Monday Wanderlust: Climb Mount Toubkal, North Africa’s highest mountain

A bucket list hike that can be covered in a long weekend
Climb North Africa’s highest mountain

Want a mountain adventure that will get your heart pumping and your legs aching, that requires kit beyond the usual waterproofs? Then scaling Toubkal, the highest peak in North Africa’s Atlas Mountains at 4,167 metres, is where it’s at.

Easily done over a long weekend, including a much-needed post-climb breather in a Marrakech riad, this tour from Much Better Adventures is a short jaunt you won’t forget in a hurry.

Why go

Toubkal presents the ideal challenge for those who want to take their mountaineering from long yomps in the Lake District and Snowdonia to a new level. There’s the odd scramble, but no need to be roped in – so as long as you’re in good physical shape and can handle trekking up to ten hours in one go, you’re good to go.

The arid Atlas are a world apart from the wet, grassy slopes found in the northern parts of the UK. This two-day adventure starts with a drive south from the city of Marrakech to the village of Imlil, where you’ll be met by a local guide who’ll take you all the way to the summit.

Imlil stands at 1,800 metres above sea level, so you’ve already got a decent head start before you pull on your boots and make your way through verdant gardens and Berber farming villages, before emerging into a dry river bed.

From here, the path takes a steep turn up to the shrine of Sidi Chamharouch. Named after the so-called Sultan of the Jinns – local spirits that are said to have control over the area – this is a holy place and a handy stop-off for lunch. This is cooked by the tour’s porters, who also carry any extra luggage you can’t fit in your backpack on the backs of their mules.

The route then snakes up a narrow pass, with snowy Toubkal and its surrounding peaks looming in the distance.

As the route heads towards the mountain refuge at 3,200 metres, the altitude starts to kick in – breathing becomes shallower, walking more ponderous. Thankfully, the refuge provides the perfect overnight stop, with a large dining hall, amazing Moroccan food, sugary mint tea and a comfortable bed before the final assault.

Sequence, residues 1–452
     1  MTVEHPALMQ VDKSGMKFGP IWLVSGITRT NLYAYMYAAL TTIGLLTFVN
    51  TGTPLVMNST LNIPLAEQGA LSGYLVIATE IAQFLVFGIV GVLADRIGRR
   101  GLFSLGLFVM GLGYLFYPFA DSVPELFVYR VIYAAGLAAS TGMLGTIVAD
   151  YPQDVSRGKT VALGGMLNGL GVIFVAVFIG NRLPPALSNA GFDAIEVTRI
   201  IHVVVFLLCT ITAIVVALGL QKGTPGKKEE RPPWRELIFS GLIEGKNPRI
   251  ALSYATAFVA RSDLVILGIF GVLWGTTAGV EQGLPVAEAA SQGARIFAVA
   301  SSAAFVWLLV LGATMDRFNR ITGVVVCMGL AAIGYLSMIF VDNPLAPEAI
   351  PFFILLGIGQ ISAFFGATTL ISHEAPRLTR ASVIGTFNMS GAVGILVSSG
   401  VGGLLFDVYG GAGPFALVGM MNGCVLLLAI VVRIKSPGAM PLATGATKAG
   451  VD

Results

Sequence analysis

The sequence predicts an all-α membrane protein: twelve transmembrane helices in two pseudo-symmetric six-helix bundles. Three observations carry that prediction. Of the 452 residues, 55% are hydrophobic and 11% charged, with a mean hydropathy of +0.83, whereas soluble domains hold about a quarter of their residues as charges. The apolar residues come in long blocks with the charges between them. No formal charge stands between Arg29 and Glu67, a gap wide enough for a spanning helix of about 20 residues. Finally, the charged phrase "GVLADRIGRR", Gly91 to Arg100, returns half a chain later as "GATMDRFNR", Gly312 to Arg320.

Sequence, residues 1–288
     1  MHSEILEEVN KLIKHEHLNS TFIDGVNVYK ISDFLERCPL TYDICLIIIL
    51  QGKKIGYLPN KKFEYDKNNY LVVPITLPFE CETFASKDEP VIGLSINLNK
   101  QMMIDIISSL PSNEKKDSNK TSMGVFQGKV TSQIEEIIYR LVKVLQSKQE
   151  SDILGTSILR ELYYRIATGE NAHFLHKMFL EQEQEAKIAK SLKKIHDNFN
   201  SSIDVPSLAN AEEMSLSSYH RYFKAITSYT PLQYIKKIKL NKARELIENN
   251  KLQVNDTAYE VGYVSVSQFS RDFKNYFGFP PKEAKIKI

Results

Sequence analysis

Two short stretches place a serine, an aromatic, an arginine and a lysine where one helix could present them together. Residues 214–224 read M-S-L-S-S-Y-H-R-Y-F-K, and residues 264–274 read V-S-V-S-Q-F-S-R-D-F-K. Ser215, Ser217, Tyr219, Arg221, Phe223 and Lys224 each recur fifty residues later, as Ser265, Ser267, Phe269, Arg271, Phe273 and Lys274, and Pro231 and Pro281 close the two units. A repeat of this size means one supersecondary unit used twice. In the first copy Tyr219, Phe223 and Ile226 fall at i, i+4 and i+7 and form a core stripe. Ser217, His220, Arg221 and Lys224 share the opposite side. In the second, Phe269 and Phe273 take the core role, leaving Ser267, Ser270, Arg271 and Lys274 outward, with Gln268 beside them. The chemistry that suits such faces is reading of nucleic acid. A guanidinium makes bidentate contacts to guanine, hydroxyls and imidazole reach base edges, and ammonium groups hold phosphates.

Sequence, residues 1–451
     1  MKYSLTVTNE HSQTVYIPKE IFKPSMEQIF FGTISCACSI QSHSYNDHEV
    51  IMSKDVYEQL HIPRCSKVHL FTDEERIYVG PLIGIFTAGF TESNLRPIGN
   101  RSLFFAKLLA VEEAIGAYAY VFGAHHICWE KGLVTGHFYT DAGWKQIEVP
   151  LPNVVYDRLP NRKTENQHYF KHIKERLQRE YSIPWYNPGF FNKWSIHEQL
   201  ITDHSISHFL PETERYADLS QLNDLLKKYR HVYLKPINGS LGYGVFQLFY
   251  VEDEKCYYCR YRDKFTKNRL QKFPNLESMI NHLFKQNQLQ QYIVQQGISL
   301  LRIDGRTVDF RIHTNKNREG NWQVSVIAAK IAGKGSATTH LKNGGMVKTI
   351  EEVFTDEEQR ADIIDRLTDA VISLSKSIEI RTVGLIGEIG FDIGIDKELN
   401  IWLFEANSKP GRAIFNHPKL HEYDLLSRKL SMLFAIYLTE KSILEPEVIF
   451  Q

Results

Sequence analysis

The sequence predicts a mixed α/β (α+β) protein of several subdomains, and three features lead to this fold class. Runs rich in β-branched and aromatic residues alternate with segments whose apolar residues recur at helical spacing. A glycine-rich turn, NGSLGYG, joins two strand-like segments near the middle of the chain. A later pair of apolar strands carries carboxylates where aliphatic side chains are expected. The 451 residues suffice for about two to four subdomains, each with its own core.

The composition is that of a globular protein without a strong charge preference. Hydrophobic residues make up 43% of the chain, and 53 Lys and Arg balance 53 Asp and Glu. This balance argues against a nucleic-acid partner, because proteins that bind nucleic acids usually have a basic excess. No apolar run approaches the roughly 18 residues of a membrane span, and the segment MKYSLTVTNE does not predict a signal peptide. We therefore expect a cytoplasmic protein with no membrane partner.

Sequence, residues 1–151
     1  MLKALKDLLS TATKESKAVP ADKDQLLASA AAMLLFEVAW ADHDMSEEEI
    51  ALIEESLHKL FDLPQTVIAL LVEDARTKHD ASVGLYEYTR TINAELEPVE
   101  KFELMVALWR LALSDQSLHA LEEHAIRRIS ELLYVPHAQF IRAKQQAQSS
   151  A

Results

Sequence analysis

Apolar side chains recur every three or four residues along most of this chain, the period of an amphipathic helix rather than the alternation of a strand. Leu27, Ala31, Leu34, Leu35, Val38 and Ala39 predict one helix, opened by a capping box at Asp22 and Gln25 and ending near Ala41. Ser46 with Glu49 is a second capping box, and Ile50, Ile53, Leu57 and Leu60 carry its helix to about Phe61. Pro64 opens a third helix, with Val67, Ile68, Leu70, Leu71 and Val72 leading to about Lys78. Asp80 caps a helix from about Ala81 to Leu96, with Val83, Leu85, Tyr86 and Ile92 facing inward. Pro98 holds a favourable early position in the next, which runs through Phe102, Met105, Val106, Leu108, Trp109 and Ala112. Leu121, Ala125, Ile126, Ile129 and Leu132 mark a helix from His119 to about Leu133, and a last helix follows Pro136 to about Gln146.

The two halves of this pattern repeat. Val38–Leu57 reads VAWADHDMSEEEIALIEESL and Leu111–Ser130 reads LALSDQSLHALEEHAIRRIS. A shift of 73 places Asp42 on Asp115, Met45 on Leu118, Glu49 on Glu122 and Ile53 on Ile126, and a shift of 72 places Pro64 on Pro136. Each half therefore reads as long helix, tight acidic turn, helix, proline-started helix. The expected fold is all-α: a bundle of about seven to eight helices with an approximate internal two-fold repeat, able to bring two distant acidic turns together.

The latter starts at 3.30am. If you’re climbing in spring or autumn, you’ll need crampons, which will be supplied by your guide. They’ll also carry ice axes, just in case. Head torches are a must, lighting a path up a vertiginous snow field as the sun rises over the roof of North Africa.

Monday Wanderlust: Climb Mount Toubkal, North Africa’s highest mountain

When you crest the ridge, it’s just another hour’s hard trek to the top. The views, needless to say, are incredible.

The trek back down is done in one go, meaning your knees will be feeling the pace by the time you reach Imlil. Mercifully, you’ll be dropped back at Marrakech in time for a quick meal and a night’s sleep before hopping on a flight home the following morning.

Where to fly into

Marrakech Airport is just 4.5 miles from the centre of the city. EasyJet, British Airways, Ryanair and Royal Air Maroc offer flights from across the UK. Flights aren’t included in the tour, but transfers from the airport to Marrakech are. You’ll have a night to acclimatise before your guide collects you for the hike from Imlil.

How much

The three night trips costs £303 per person with Much Better Adventures, excluding flights, departing throughout October. Meals in Marrakech are not included, but food on the hike is.

The price also includes porters who will carry luggage up the refuge on mules. Remember to buy travel insurance that covers adventure sports.

Tags:    Trekking
Tagged    Trekking